“I’m going to reiterate what I said before. My stance remains exactly as it was initially,” says Blanding, Peters’ older sister and vice principal at Essex High School, where he worked. “Marcus was unarmed, Marcus was clearly in need of help, he was in distress, and he should have received help, not death.”
Peters, a 24-year-old biology teacher, was reportedly on his way to the Jefferson Hotel where he worked as a part-time security guard, when he lost control of his car and struck two other vehicles at West Franklin and Belvidere streets.Witnesses say they saw him dancing and behaving erratically, while fully naked, around the interstate. Officer Michael Nyantakyi shot Peters, who died of gunshot wounds to the abdomen. Peters was unarmed.
While other family members chose not to view the footage, Blanding decided early on that she needed to see it for herself in order to move forward and help overhaul the system, a promise she says she made to her brother as he was buried.
“I came here because in order for me to continue to fight I needed to get as many pieces of the puzzle as I can, and seeing exactly what took place is a huge part of it,” Blanding says. “It makes it hard for me even to speak and continue to speak when I don’t have those pieces. I believe knowledge is power and I have received more knowledge, and I am going to continue to push forward with my power to fight for Marcus and to fight for reformation.”
According to the family’s lawyer, Jonathan Halperin, it’s clear from the footage that Nyantakyi knew that Peters was in crisis.
“There’s no question that Marcus was having a mental health episode,” Halperin says. “The officer recognized that. The issue is, what should have been done from the moment of recognition forward? And that’s what we’re going to investigate.”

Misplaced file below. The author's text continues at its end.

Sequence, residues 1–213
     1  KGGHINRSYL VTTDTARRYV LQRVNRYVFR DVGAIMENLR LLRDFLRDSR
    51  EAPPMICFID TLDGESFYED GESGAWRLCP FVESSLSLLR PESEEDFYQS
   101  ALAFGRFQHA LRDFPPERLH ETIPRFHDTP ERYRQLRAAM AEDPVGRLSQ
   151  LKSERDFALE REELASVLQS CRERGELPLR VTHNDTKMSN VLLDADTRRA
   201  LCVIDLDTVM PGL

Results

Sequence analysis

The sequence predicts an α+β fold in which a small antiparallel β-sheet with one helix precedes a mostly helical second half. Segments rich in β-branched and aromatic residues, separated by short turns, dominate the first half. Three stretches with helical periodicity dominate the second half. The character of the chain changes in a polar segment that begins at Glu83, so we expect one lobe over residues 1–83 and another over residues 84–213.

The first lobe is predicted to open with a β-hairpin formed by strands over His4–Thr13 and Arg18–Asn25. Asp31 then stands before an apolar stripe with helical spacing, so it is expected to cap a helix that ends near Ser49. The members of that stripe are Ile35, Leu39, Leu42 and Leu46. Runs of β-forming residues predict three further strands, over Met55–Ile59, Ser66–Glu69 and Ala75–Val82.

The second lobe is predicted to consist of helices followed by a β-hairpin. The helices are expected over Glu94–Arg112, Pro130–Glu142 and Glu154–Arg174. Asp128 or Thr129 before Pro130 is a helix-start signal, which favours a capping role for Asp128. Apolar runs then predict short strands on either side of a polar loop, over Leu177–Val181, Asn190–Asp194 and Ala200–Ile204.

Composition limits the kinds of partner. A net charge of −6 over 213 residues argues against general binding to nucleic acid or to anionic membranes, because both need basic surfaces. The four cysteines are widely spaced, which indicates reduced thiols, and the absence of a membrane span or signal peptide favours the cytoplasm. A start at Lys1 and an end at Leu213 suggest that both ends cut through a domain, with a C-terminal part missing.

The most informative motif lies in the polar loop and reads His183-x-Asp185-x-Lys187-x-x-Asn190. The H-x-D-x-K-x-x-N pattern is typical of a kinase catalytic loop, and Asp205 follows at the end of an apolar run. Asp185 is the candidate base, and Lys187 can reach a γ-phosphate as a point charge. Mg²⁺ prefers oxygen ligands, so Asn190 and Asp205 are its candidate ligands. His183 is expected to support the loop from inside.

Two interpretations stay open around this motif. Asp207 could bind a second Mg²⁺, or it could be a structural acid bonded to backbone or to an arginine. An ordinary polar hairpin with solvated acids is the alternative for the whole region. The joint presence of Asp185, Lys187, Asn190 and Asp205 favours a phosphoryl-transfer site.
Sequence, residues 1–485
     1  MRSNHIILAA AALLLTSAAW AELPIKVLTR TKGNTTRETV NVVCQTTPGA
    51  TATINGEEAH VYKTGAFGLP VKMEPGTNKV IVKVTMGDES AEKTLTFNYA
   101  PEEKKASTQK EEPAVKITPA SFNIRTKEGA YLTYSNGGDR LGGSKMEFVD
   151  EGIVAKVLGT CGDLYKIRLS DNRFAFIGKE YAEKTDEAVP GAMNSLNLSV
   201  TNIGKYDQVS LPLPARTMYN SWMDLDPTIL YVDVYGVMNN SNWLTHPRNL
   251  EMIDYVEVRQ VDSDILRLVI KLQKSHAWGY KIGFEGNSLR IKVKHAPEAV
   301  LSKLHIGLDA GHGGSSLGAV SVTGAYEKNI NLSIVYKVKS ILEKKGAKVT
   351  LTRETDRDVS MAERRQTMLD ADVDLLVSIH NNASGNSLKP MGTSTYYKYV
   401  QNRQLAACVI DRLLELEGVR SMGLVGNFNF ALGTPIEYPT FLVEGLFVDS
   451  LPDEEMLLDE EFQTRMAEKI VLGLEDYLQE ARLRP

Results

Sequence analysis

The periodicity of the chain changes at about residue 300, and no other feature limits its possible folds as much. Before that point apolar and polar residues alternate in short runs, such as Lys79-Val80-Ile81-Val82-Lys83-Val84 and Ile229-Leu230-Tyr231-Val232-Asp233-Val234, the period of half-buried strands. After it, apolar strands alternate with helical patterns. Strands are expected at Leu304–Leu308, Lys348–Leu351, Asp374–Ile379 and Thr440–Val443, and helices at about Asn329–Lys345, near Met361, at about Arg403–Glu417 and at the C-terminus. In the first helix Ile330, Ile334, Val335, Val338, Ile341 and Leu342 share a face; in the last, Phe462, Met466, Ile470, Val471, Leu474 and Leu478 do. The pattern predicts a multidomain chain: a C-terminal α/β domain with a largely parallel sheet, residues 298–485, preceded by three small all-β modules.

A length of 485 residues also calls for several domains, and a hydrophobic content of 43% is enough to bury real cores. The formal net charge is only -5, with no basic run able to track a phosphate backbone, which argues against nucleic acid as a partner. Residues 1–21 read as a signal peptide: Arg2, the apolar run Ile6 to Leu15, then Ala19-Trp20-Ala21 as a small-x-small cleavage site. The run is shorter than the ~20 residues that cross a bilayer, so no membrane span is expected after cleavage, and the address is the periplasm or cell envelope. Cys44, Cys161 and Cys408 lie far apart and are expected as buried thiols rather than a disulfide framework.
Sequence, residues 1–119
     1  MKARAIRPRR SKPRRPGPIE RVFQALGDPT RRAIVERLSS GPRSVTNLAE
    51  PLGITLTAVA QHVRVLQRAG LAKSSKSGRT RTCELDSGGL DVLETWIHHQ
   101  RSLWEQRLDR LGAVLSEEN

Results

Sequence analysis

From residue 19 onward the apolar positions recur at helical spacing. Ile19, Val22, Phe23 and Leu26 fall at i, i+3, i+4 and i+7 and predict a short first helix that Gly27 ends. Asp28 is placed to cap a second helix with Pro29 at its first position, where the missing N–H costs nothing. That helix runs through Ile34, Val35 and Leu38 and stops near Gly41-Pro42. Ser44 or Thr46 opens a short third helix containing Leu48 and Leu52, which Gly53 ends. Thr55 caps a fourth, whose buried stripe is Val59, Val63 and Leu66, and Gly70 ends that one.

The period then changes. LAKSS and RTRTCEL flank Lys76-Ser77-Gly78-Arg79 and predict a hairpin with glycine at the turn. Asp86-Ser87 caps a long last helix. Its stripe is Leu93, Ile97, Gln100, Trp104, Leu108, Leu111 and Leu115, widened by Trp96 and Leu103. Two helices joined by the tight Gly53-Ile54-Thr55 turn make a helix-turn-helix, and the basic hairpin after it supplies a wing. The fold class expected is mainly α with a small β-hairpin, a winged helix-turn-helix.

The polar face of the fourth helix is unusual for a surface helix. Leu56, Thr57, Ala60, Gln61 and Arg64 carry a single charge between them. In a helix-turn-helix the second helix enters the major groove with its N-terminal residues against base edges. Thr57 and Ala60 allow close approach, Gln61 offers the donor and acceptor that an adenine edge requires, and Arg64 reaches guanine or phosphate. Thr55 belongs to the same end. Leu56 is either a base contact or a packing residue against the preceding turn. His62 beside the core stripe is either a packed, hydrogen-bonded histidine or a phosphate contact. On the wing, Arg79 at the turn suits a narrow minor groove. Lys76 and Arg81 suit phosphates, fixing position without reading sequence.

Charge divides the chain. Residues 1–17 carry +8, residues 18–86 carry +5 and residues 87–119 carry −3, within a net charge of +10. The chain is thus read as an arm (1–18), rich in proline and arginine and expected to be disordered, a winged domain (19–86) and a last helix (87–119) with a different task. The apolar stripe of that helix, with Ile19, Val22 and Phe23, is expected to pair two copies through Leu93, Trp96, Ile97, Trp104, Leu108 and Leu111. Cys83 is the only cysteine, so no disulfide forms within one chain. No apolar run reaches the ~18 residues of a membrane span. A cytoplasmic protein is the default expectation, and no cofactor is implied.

Since Peters’ death, Blanding has been the steady, composed, vocal point person for the family. She says she and her large extended family (Peters was one of 12 children, with “too many cousins to count”) want justice. Not just for her brother, but for everyone who encounters law enforcement, and for the system as a whole. Blanding says Peters, who had no known history of mental health or drug-related issues, should have received compassion and help instead of a bullet. As she grieves the loss of her brother, she says she wants to work with police and see an improvement in trainings and methods for handling situations with people in distress.
According to Richmond Police Department spokesman James Mercante, the video will be released to the public now that the family has had a chance to view it privately. He did not say when that will be.
“It’s very hard for us to watch it, and it is hard to know that it’s going to be out there in the public,” Blanding says. “But there’s a lot of people who truly care, who want to know what happened or why did the officer feel justified in what he did. I don’t feel that it was justification, however, it may be insightful to some to just figure out: ‘OK, what happened to my brother who had the world in his hands, and it was all taken away.’”